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International Sale Of Goods Notes

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INTERNATIONAL SALE OF GOODSIntro??Terminology???Jurisdiction &
choice of law?

International sale contract has all the familiar elements of normal sale contract, however, international aspect may mean: (i) Difference in governing law & jurisdiction (ii) Increased distance (more risk of damage, higher cost of transport) (iii) Payment problems (because of increased distance).
? S likes payment in advance to help cash flow;
? B will want a credit period delaying payment.
? Issue of trust (S won't want to part with goods until it has been paid etc) Domestic solution? retention of title International sales? ownership of goods governed by law of country where situated UCTA 1977: s26? Act doesn't apply to international contracts (S can exclude liability) Shipper: person who arranges for goods to be sent by ship (usually S / S agent) Shipment: act of putting the goods on the ship. Note that you 'ship' a 'consignment'. Carrier: company on whose ship the goods are transported Consignor: person delivering goods to their destination (usually S / S agent) Consignee: person collecting goods at their destination (usually B / B agent) Freight: cost of carriage (not goods) Choice of law (what is the law that will apply to the contract) (Subject to Rome I) Choice of jurisdiction (courts that will hear dispute) (Subject to Brussels I) Not uncommon for courts to have to apply foreign law? in such a situation, expert evidence will be obtained on foreign law from foreign lawyers.

1. Choice of jurisdiction: (Brussels I) Apply when EU Member States fail to make express choice of jurisdiction o Advantages & disadvantages of suing party in their own jurisdiction (may be easier to enforce judgement there); o Brussels Regulations: generally allows parties to choose jurisdiction.

2. Choice of law: (Rome I) Apply when EU Member States fail to make express choice of law o Rome 1 regulation: allow parties to choose their own law. Best to choose same jurisdiction & law as avoids situation where court has to apply foreign law Done by including a clause in contract (clarifying what law & jurisdiction will govern contract)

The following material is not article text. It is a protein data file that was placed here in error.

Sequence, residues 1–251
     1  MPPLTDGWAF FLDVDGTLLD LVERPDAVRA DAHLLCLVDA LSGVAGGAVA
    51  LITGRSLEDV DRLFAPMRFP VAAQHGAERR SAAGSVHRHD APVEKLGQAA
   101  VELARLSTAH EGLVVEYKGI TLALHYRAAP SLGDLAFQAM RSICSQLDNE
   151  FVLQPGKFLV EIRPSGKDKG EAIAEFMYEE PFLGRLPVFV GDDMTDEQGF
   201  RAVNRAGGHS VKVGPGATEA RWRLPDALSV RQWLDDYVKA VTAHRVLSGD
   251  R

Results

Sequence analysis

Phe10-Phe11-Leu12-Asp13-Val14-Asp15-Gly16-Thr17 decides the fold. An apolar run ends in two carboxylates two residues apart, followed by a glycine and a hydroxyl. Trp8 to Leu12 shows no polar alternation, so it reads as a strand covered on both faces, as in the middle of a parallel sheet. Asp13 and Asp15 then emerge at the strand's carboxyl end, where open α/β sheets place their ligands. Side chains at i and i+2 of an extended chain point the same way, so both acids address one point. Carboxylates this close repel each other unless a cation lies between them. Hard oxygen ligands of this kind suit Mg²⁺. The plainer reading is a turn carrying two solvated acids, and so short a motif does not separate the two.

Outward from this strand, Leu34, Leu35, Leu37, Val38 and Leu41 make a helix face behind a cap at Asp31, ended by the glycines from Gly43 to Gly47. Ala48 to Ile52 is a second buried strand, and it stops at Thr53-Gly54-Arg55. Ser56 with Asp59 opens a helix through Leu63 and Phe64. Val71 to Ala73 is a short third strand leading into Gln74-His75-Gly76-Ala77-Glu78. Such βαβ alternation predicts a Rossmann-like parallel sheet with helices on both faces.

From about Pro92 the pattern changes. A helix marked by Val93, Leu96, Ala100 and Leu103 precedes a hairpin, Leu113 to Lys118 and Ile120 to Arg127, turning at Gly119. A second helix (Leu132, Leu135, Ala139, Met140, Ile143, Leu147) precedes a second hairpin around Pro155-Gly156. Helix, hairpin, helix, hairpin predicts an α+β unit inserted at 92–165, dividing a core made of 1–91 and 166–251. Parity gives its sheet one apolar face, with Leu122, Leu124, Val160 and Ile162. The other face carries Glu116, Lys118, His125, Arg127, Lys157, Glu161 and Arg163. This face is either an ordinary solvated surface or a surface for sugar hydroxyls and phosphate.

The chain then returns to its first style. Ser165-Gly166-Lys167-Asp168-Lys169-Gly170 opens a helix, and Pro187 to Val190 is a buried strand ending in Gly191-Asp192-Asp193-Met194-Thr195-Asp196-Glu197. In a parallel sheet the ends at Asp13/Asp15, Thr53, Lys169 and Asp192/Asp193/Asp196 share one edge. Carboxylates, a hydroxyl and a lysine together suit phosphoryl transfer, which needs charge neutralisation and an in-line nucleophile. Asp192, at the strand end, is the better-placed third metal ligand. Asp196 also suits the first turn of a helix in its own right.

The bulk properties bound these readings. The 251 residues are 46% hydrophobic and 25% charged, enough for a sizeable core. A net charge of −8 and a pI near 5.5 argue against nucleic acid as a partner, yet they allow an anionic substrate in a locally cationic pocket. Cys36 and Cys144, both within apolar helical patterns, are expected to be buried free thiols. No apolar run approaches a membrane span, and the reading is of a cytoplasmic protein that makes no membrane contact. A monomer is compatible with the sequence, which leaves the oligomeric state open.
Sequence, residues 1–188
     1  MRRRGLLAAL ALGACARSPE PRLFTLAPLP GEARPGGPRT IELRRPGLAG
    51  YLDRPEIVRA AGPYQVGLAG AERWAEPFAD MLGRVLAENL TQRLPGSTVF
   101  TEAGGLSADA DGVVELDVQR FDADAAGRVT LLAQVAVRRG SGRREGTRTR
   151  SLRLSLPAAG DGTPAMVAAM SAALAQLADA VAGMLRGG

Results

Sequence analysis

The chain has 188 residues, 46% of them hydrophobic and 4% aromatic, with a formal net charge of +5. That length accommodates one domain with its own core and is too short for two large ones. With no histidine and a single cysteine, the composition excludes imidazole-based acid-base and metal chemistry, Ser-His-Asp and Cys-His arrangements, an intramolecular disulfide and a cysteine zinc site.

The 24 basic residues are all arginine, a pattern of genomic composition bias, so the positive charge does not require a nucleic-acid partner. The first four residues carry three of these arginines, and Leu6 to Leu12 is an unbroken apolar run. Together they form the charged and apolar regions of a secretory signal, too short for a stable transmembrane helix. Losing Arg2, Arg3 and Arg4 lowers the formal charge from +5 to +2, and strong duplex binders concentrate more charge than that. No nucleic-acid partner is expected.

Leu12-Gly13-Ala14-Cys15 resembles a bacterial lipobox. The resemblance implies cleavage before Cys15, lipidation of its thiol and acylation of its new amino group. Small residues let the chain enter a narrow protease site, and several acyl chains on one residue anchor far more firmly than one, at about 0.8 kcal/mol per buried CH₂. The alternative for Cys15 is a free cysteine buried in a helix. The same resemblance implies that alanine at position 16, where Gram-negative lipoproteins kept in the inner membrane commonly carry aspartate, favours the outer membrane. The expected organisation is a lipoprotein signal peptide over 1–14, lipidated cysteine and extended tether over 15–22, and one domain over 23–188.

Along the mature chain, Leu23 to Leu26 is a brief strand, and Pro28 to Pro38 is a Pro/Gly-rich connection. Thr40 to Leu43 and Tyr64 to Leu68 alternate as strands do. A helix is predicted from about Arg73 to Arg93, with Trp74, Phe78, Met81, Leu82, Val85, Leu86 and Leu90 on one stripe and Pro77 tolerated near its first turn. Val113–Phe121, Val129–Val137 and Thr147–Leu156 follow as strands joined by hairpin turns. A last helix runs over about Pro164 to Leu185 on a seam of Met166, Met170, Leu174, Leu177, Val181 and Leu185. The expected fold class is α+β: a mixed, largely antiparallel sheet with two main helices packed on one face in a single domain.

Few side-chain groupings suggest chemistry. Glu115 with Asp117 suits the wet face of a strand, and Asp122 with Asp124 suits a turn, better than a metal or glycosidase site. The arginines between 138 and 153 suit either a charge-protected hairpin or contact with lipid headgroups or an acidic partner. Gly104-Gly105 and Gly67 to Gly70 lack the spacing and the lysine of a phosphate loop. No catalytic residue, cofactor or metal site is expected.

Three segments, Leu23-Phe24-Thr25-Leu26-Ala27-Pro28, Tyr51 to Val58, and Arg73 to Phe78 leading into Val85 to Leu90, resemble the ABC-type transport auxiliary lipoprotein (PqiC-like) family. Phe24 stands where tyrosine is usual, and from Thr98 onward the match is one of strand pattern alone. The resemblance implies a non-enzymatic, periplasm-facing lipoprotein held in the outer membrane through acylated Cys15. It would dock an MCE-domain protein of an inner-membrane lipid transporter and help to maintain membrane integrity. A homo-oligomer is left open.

Key Documents Documents required for transactionServes 3 purposes: 1) Receipt for the goods and evidence of good condition at loading 2) Contains terms of the contract of carriage 3) Evidence of title to the goods and the right to possess themHolder has title to the goods; enables B to sell goods to TP Bill of while still in transit; however, problematic if falls into Lading wrong hands
? Given by carrier to consignor, when goods shipped; at destination, goods handed over to person w/ bill of lading (sent by airmail)
? If late, carrier may hand over goods in return for indemnity
? Must be original BoL; fax or email will not do Shipping Document
? If BoL too slow, can use sea waybills and freight forwarders (can be sent electronically; more convenient but not as secure)
? Specifies deliveree; original does not have to be physically sent to B
? Serves 2 purposes: 1) Receipt for the goods and evidence of good condition at Waybill loading 2) Contains terms of the contract of carriage
? However, does not give title so B cannot sell goods before received
? Electronic BOLERO system in development
? Road and rail transport: use combined transport document (whole transport chain); air transport: air waybill
? Identifies all contract goods, including quantity and price Commercial Invoice
? Also constitutes demand for payment Export
? If the goods are being transported outside the EU, an export licence Licence will also be required (usually at S expense, but check terms)
? Should be worded to cover good specified in commercial invoice Marine or air
? Should be a transferable policy that can be transferred with BoL insurance
? Not relevant in every transaction; will depend on whether B or S policy responsible under terms Additional
? Consider terms of transaction; may require, e.g. documentatio
- Inspection certificate n